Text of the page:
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Entries in flour (4)


Rhubarb crumble with vanilla custard

What is your ultimate comfort food? This is one of the questions I have asked all the people I have interviewed in the series I’m writing for Borough Market. My interviewees all come from different parts of the world, or have parents who do, so their answers differ a lot, but one thing they all share in common is that it tends to be something warming and filling.

“I don’t think you can get any better than a rhubarb crumble,” says Paul Wheeler, of Paul Wheeler’s Fresh Supplies. “If there was one comfort food, yeah that’d probably be it.” What is it that makes rhubarb crumble such a classic? Perhaps it is because the rhubarb is naturally very tart and contrasts perfectly with the sweet crumble topping and accompaniments, such as custard or vanilla ice cream.

I usually add nuts and oats to my crumble, but in this recipe I go for a shortbread topping. I think there is something elegant about rhubarb; perhaps it’s natural acidity and bright pink colour. A shortbread crumble seems to me to complement this, it seems more refined somehow.

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White sauces - bechamel and veloute - two of 'the mother sauces' of French cuisine

Two of my best friends from Sydney are arriving on Friday to stay for the weekend before we set off for a week of island hopping on the Dalmatian coast of Croatia. They will be arriving very early at Heathrow and, although they are both well known for their stamina, I figured it would be best to plan activities for the daytime, rather than evening, so that we will be homeward bound by the time the jetlag starts to kick in. Since one of these activities is lunch at one of the world’s top restaurants, I have decided that the usual four course dinner with which I like to treat my guests will probably not be necessary or even desired that evening, and after a couple of bottles of wine I won’t really be in a fit state to make such a feast. As such, I have decided to make a moussaka tomorrow night or Friday morning, so that there is something to pop in the oven when we get home from our outing. And, just in case you were starting to wonder how this was ever going to get round to the topic of white sauces, every good moussaka needs a béchamel!

I was going to try and keep this brief, but believe or not, there is a surprising amount to say on the subject. I decided to turn once again to Mastering the Art of French Cooking to check whether my recipe stood up to its classical origins and was shocked to find not one or two, but six pages on béchamel sauce and veloute, and that is before they even get into the variations which use these as their base.

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Shortcrust pastry from The Book of Old Tarts

Updated on Sunday, August 15, 2010 at 9:11PM by Registered CommenterVix

A very dear family friend, Elizabeth Hodder, wrote a wonderful recipe book called ‘The Book of Old Tarts’. Lizzie has always treated me as if I were her daughter; she is kind, gentle and doting, always willing to listen and give me her worldly advice. She is also extremely knowledgeable and very well spoken. This motherly image I have of her means that I still to this day find myself shocked and pleasantly surprised when she shows her cheeky side. She once sent my Mum an apron which read:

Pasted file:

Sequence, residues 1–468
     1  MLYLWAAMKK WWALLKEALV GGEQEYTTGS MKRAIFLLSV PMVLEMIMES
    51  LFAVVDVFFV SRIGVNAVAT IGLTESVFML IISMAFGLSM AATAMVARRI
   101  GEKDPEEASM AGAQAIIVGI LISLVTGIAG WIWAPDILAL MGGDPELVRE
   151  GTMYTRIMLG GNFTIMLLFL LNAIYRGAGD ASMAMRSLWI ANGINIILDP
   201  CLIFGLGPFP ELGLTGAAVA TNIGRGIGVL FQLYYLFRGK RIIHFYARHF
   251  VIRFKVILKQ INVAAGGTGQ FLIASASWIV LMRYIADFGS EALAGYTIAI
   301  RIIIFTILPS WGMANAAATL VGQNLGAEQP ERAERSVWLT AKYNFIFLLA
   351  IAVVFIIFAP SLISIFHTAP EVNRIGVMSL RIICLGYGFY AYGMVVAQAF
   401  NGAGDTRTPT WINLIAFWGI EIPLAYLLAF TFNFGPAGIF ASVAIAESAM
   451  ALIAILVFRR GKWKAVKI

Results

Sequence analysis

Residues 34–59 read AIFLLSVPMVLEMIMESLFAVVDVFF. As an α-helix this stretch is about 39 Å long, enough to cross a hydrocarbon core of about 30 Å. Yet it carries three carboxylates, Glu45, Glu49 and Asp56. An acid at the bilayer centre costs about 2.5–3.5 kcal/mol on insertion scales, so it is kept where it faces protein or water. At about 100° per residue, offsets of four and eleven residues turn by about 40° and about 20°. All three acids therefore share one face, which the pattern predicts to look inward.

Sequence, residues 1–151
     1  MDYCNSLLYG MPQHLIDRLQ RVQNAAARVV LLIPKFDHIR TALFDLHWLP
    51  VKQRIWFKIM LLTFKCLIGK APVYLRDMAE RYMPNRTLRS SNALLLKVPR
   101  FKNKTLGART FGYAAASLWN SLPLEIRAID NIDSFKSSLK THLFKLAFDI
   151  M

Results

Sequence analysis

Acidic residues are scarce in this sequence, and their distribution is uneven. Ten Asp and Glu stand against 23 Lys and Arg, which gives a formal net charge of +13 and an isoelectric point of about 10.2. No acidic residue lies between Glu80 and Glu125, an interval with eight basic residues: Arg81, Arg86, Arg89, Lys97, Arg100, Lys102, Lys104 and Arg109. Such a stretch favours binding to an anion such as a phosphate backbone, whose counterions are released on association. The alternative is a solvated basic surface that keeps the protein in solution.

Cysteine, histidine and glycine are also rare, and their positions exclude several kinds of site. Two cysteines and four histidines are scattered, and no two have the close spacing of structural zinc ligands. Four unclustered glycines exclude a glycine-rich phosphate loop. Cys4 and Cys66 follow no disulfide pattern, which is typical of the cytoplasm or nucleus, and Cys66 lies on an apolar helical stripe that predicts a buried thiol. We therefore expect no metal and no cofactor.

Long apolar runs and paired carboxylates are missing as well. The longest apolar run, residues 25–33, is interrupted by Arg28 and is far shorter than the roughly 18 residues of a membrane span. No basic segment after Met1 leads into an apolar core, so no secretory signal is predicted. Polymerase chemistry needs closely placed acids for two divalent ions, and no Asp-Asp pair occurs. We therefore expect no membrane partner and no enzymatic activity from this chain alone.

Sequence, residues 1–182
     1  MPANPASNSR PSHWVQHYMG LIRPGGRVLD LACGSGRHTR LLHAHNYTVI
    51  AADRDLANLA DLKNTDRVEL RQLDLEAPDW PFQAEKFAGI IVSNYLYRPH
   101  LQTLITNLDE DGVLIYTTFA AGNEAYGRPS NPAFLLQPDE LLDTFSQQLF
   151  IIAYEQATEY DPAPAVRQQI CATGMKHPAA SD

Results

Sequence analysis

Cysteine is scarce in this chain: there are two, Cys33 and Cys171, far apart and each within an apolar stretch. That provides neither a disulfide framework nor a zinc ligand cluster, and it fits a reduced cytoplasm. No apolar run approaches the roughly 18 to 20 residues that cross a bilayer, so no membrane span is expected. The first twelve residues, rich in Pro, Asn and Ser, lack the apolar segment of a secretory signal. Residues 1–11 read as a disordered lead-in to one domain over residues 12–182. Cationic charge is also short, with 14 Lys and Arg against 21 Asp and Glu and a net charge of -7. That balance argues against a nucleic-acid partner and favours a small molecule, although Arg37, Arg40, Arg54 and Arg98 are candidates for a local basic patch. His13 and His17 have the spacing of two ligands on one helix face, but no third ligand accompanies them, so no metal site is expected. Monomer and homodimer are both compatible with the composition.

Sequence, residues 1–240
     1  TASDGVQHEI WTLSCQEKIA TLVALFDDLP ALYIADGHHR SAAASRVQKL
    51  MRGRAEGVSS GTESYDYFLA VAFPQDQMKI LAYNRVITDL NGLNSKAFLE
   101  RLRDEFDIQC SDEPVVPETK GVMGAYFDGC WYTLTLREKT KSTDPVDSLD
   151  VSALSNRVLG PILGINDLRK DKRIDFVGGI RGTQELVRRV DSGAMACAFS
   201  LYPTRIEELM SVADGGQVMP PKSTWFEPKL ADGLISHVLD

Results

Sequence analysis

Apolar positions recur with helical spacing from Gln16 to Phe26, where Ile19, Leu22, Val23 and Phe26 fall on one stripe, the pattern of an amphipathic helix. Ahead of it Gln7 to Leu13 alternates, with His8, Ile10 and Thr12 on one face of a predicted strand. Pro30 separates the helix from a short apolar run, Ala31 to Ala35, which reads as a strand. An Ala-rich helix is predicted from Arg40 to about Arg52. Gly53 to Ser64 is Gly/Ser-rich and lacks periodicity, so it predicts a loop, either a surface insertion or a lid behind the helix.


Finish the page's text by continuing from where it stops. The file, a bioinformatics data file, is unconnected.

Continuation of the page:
I thought this was absolutely hilarious, not so much because of what it said, but because of who’d sent it. The name of her book is another great example of this.  

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Rough puff pastry

Updated on Sunday, July 25, 2010 at 8:22PM by Registered CommenterVix

Calorie counters read this recipe with caution, it will almost certainly change your waistline.

I discovered rough puff pastry last year and it changed my life, well that part of it spent in the kitchen which is quite considerable. I had made puff pastry once before, but it was a lot of pain for a short lived gain and I never got round to doing it again. Then last year I was watching repeats of River Cottage Spring on more 4 when Hugh explained that the pastry he was using for a mushroom tart was a quick and easy version of puff pastry. Did I hear correctly? Could this be? It sounded too good to be true. I quickly Googled the term and sure enough there it was in black and white ...and blue ...and purple.

The highest ranked link was to Gordan Ramsay’s recipe on BBC good food, so that is the one I first tried, but I’m afraid to say it didn’t really work. This is because he is not specific enough about quite how ‘loosely’ the butter should be rubbed in and, in fact, I think ‘rubbed’ is perhaps a bad choice of words since it implies rather more force than is necessary. Ramsay does note that ‘you need to see bits of butter’, but it is not clear that these bits should be large chunks. So I ended up overworking the butter and didn’t get the layered effect; a somewhat fatal flaw in puff pastry.

After a moment’s doubt (maybe it was too good to be true after all) I did a search on You Tube to see if there were any demos and found this one by Kate Lamont. As I suspected, the problem was the butter. As Lamont demonstrates, the butter barely needs to be rubbed or worked at all. What you want is large chunks of butter held together by the paste made with the flour, water and lemon juice.

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